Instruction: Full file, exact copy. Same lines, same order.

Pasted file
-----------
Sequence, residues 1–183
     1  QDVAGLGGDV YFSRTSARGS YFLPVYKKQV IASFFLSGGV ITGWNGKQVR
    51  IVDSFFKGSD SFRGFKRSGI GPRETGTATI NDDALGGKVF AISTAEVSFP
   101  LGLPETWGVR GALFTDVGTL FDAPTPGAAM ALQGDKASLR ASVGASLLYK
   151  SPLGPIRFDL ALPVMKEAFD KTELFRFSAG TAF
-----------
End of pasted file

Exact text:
Sequence, residues 1–183
     1  QDVAGLGGDV YFSRTSARGS YFLPVYKKQV IASFFLSGGV ITGWNGKQVR
    51  IVDSFFKGSD SFRGFKRSGI GPRETGTATI NDDALGGKVF AISTAEVSFP
   101  LGLPETWGVR GALFTDVGTL FDAPTPGAAM ALQGDKASLR ASVGASLLYK
   151  SPLGPIRFDL ALPVMKEAFD KTELFRFSAG TAF